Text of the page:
We now turn to the rest of the signal path, the two adapters and connectors on the feed horn and the LNA input. The impact of the LNA input connector on the noise factor was discussed in detail in the fourth part of the article and of course this also applies to all other connectors in the system. The measurements show roughly the following picture. One connection with silver plated connectors is 1K. One connection using gold-plated connectors from “known” manufacturers is 2.0- 2.5K. One connection using cheap “no name” gold-plated connectors may exceed 10K. In our case, we have four connections. Even if they give only 2K each, then the amount is 8K plus 3K in the relay for a total of 11K. As a result, the receiver noise temperature of the receive port is more than doubled from just having the LNA with a noise temperature of 9K.
Are there ways to improve on this basic configuration? First, you can easily remove a single connection. Figure 5.2 shows such a modified probe for the feed horn.
Fig. 5.2 Modified Feed Horn Probe
Figure 5.3 Modified Assembly
Figure 5.3 shows the modified signal path. These modifications reduce the noise temperature of the system by about two degrees K. You can even go further, if you can use male semi-rigid cable connectors for UT141 cable without using a separate center pin. In this case the role of the connector center pin is performed by the cable center conductor. It has the desired diameter of 0.9 mm and should be only gently blunted, so as not to spoil the connector mating and if the UT141 uses high-quality silvering this eliminates the soldered connection. If you do not have the correct connector you can use a regular one, by just not putting on the pin. The small gap between the center conductor and the PTFE insulation material will have negligible effect on the SWR at this frequency. Figure 5.4 shows the two SMA connector formats, one with regular assembly, and the other without a full-time center pin.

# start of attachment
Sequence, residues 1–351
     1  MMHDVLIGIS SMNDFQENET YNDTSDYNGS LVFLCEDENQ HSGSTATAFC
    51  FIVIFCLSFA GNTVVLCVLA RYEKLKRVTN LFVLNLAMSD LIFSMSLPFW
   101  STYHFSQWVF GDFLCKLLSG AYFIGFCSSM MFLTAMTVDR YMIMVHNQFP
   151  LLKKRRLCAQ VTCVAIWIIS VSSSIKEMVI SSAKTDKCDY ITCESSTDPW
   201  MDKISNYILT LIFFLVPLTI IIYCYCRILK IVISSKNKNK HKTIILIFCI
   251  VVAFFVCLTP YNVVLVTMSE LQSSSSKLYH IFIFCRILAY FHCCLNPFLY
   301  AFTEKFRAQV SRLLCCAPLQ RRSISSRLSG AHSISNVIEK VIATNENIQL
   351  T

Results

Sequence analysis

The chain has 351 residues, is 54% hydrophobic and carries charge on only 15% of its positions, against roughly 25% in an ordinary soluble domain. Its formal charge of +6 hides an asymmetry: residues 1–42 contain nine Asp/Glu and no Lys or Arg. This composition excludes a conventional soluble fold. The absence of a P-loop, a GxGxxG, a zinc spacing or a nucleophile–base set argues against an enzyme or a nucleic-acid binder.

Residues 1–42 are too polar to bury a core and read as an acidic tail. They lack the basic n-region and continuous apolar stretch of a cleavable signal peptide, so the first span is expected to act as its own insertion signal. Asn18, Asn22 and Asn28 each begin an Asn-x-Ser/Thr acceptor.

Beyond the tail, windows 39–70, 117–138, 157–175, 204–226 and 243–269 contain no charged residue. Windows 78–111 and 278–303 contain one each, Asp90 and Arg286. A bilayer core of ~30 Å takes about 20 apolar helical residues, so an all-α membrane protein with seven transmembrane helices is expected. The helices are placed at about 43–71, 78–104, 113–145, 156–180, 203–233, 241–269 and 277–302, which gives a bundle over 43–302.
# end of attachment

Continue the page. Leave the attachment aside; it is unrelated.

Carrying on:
Figure 5.4 SMA connectors – with regular assembly(left), without a full-time center pin(right)
Nevertheless, despite all the tricks I could not lower the total losses in the signal path below 6 ... 7K. Let me remind you that in my case the noise temperature of the entire system Ts = 19 K. Then the increment of 6 K is a deterioration of received signal to the noise ratio of 1.2 dB. For EME work this is very noticeable.
After I noticed the instability of losses in my best SMA relay I have tried using a domestic relay type REV-16. With the poor SMA alternatives I had to do something. The isolation of the REV-16 is low at approximately 27 dB at 1296 MHz. However, with the additional isolation within the feed horn, the total insulation provides reliable protection of the LNA input.
First, I created improvised adapters for domestic SMA (CP-50 700th series) connectors. Even in this form the losses were not greater than the best SMA relay and the stability of the switching turned out perfect. This is not surprising since the relay switching ccurs only at one point instead of two that occurs with the regular SMA relays. The poor insulation does add a bit of noise. Let the termination, which is switched to LNA input in transmission mode, has a temperature of 300 K. If the isolation of the relay is 27 dB (x500), then the extra noise is 300K/500 = 0.6K. However it is possible simply not to use termination. An additional benefit of using the REV-16 relay is that in the relay terminals do not stand in one line. Therefore, we can apply direct adapters that are easier to make and have less loss. You can even do without adapters, which I did in the end as I made a probe with the necessary connector as shown in Figure 5.5 and one for the LNA as shown in Figure 5.6.
Fig. 5.5 Feed Horn Probe with Integrated Connector
Figure 5.6 Connector for LNA
All assemblies mounted on the feed horn are shown in Figure 5.7. The adapter was only for the load.
Several other details can be viewed here .
All of these updates will undoubtedly reduce the losses. I think the final result is approximately 5K, and perhaps better. However, the 5K is still a pity to lose. After all, these 5K was so hard to win at the LNA. I started thinking about how to do without a relay.
Figure 5.7 All Assemblies Connected to the Feed Horn
Option without the relay.